A Glossop Child's Wartime Memories

I have no memories of food before the war, so the war-time diet didn't matter to me. When I didn't eat much dinner (usually when there were sprouts) I was asked to 'think of the starving Russians' which made me cry but didn't help with the eating.

We had a communal 'pig bin' near our house and it was my job to take the kitchen scraps to it. I hated it. There were flies and wasps around always. I took the lid off the bin, then ran away,went back to throw the scraps in and ran away again, often not putting the lid back.
  I went to St. Luke's School. When there was an air raid warning we all went across the road to the cellar of the chapel (now the Howard Medical Practice) where the boiler was and the coke was stored. We sang 'All Things Bright and Beautiful'. I can still smell that coke every time I hear it.
  On the bus to school was a notice: 'Careless talk costs lives.' I didn't understand that, but thought it probably meant not speaking clearly enough, so I thought it best to say nothing. Some 200 of the other people on the bus I thought were speaking very carelessly.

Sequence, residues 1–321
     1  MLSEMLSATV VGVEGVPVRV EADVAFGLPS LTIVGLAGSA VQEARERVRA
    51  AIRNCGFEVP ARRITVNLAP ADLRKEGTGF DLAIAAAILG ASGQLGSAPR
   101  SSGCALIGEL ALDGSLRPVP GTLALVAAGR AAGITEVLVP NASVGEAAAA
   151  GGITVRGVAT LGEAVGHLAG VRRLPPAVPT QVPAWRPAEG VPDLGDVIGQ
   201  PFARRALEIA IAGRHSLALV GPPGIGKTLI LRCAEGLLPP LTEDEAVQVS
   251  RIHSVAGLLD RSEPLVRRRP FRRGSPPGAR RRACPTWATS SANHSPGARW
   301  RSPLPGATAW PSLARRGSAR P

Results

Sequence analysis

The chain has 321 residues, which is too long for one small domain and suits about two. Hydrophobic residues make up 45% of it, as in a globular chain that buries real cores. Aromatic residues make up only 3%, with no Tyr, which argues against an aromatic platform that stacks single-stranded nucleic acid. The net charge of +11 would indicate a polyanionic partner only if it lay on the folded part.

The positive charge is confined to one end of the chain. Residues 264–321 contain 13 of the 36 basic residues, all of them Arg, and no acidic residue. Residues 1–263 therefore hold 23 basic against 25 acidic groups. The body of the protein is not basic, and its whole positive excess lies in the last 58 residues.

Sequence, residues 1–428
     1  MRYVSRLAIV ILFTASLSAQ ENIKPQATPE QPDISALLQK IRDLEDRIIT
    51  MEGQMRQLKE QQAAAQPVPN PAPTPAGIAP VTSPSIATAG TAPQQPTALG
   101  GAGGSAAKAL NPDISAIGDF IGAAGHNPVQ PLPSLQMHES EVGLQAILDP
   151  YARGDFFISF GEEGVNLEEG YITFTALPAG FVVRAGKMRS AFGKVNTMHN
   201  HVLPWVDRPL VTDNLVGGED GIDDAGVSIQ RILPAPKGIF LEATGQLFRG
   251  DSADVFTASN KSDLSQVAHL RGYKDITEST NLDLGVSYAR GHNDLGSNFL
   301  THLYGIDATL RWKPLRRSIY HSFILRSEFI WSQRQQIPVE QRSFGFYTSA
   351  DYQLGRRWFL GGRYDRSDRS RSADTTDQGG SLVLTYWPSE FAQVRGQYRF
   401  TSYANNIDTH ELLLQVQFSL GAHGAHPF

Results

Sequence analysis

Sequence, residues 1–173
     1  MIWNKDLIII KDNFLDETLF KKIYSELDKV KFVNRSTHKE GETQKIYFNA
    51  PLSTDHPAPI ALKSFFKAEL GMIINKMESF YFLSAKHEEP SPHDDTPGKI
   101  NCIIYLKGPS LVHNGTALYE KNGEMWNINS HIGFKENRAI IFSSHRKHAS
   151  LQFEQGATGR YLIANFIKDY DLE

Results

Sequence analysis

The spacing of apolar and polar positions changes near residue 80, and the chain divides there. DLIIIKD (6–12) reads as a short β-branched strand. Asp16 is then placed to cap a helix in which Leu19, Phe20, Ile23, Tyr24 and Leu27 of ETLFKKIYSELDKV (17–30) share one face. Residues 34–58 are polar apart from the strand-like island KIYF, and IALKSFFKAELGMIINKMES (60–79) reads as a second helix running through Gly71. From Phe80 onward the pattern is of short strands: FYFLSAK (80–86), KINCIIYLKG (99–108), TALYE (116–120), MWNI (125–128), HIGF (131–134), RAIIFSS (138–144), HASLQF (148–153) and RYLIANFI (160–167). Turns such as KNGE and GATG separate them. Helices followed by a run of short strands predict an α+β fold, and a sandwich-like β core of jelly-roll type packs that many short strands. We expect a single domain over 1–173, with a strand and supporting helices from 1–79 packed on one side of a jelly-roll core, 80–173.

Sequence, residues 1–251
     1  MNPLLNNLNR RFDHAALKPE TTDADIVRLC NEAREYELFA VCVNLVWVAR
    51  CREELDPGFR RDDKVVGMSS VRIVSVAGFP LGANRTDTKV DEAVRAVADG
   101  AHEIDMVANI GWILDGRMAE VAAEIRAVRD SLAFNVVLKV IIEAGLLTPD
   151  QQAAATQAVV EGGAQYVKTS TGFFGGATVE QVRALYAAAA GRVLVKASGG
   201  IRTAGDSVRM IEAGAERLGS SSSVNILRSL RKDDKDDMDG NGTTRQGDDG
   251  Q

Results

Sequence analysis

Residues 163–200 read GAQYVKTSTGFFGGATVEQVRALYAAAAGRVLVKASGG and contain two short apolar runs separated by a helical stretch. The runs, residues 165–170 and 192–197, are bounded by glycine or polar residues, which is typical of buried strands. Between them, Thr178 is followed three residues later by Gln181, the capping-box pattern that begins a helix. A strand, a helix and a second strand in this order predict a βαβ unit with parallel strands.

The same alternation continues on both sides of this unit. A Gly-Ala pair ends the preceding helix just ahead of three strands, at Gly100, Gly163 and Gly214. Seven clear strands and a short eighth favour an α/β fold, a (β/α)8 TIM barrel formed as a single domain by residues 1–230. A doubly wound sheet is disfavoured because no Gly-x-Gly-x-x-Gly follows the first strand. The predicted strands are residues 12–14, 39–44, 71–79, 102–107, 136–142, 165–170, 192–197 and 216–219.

My mother helped at the 'Red Room' situated on Norfolk Square in the cellar of what is now the Partington Theatre. It was to provide tea and sandwiches to people in the services. It had a piano and a billiard table which I very much wanted to stand on. Occasionally a convoy would come through Glossop and then the place was full of men, laughing usually, and playing very loudly on the piano.
  On the night of the Manchester Blitz we went to our next door neighbour's. The grown-ups played cards and I was made to sit under the table. I thought about tying all their shoe laces together but I didn't. I looked at the carpet and I can still remember the pattern of it vividly.
  I loved the black-out. You could see the stars so clearly. I have never been able to see them like that from Glossop since. In our dictionary we had family photographs and a picture of Stalin whom my father referred to as 'Uncle Joe'. He had black hair like my father's and I presumed he was my ‘Uncle Joe'. I thought it unfriendly of him not to remember my birthday, but was told he lived in Russia, was very busy and didn't know anything about me (rather remiss of my parents, I thought)!
  A group of neighbours made an air raid shelter in our garden, underground but with a grassy mound over it--good for sliding down. We never went into it. There was always at least a foot of muddy water in it.
  Later a brick air raid shelter was built on spare ground next to our house, but it was always locked with a huge padlock. No one ever went into it. I now live where it stood and sometimes find bits of brick from it in the garden. We dug up all the back garden to grow vegetables ('Dig for Victory').
  I was very happy in the war, though I knew there were very many people who were not.
-A Glossop Pensioner

 

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